The gift of Jesus is the incarnation of that redeeming love. In my earliest years as a Christian I employed the phrase, “I gave my life to Jesus.” I’ve since grown in my understanding, and realize I didn’t so much give my life to Jesus; instead, I surrendered! God’s prevenient grace conquered my abuses, sins, and failures. God’s love overcame my objections and rejections. All the touches of grace, all the prayers, and all the interactions in life were used by God’s Spirit to draw me into a fuller awareness of God’s love for me and everyone. This is the manner in which God draws all of us unto Himself.
Can you recognize the pattern of Genesis 1-11 in your life? Can you share examples of God’s continual love for you in spite of your sins and failures? Can you share expressions of God’s prevenient grace in your life? What do you believe is our proper response to the love of God through Christ? Can you recognize the continuation of this love in your life since following Christ?
The Need to Recognize a Relationship with God Is Not Earned, It Is a Gift to which We Respond!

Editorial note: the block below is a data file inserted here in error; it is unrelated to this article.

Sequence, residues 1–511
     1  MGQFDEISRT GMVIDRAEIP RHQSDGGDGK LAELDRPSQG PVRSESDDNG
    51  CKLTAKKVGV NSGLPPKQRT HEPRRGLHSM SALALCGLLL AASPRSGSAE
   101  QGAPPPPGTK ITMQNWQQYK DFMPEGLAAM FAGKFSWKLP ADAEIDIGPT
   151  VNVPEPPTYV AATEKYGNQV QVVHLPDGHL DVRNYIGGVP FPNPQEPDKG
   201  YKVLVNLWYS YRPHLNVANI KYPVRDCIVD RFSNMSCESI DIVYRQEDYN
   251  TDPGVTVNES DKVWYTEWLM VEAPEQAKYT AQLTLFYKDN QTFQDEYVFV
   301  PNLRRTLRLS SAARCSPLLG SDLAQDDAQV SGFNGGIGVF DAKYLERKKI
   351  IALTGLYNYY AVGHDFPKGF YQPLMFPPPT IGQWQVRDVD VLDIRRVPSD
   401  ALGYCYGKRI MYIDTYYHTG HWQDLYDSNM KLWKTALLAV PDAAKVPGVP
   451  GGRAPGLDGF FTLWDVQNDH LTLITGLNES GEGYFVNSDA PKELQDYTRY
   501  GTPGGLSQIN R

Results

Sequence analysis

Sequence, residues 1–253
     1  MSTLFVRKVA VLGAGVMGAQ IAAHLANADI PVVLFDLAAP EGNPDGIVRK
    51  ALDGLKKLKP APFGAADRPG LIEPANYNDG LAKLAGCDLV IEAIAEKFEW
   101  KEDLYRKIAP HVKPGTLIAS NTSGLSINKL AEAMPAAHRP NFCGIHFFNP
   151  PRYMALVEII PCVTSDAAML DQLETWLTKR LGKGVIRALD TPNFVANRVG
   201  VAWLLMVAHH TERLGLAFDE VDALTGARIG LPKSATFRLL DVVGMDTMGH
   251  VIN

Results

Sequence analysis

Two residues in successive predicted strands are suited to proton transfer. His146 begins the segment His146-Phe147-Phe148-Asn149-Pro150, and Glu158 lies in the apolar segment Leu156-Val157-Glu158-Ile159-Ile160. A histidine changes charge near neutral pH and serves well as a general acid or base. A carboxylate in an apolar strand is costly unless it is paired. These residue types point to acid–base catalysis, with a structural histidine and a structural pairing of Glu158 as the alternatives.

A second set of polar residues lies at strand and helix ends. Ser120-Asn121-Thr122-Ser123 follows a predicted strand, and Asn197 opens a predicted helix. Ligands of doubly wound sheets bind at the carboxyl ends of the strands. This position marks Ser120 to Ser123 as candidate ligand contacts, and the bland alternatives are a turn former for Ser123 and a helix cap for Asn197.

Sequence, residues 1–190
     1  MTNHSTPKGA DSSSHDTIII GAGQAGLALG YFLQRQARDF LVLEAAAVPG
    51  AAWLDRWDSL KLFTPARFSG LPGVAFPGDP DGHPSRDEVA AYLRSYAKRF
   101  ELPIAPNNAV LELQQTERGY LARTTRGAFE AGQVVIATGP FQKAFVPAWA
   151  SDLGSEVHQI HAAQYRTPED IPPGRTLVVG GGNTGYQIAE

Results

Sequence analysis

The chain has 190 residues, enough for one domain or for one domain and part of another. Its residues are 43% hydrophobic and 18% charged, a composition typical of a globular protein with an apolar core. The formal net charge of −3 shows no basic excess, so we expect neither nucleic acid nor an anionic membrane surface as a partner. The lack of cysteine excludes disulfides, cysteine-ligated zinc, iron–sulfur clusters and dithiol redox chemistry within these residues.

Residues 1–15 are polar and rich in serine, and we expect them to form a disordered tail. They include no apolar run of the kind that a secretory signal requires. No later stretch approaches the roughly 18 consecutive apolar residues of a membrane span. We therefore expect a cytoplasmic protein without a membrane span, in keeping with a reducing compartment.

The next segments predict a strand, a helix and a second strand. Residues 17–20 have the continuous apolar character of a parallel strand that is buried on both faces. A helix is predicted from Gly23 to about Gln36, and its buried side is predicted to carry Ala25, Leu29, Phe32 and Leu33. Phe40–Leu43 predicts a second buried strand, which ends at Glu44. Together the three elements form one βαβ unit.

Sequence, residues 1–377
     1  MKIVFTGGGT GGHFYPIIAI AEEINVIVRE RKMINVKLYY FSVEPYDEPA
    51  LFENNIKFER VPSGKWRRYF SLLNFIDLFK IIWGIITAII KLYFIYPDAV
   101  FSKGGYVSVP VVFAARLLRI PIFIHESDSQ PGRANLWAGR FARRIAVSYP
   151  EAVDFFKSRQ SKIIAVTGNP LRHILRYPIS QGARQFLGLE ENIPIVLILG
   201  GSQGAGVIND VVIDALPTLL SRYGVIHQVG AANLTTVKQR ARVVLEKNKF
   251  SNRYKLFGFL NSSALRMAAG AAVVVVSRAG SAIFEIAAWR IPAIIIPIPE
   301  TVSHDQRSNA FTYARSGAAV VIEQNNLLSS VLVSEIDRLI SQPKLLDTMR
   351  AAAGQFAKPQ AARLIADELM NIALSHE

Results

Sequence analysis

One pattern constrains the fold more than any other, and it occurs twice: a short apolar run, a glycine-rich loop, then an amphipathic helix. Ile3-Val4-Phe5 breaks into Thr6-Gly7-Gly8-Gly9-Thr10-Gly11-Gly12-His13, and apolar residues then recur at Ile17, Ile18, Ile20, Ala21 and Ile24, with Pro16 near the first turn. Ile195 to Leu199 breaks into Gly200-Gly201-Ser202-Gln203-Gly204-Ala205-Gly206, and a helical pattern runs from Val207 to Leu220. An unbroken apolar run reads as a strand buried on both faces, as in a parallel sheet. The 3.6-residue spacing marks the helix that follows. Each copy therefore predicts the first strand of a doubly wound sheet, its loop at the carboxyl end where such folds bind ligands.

It is important to recognize that God’s covenant with Abram, Sarai, and the world preceded the giving of the Mosaic Law. The giving of the law would occur generations later. The law was not given to save us. Grace saves us! Paul stated in Galatians 3:24 that the law was given to be our teacher. The law reveals how we should live. Our inability to keep the law perfectly reveals in turn our need of God’s grace. The law reveals to us how we are to respond to grace, especially in our relationships with one another. Another way to consider this great truth is: law did not birth grace, grace birthed the law. One needs to respond to the grace of God by living a life of love and grace that honors, respects, and loves others. Jesus taught that the proper response to God’s love was to live in “the law of love.”  Jesus summarized the entire Mosaic Law in his affirmation of the Shema, found in Deuteronomy 6:4: “Thou shalt love the Lord thy God with all thine heart, soul, mind and strength; and, they neighbor as thyself.”  Our response to the initiating, preceding, unstoppable love of God is to love as God loves. Thus, we do not earn our relationship with God, we accept it. Abram and Sarai did nothing to earn the gift of covenant.  They were chosen by God according to God’s great will. They would become the first of many to experience and share the grace of God.  Their descendants would be as the “sands of the sea.”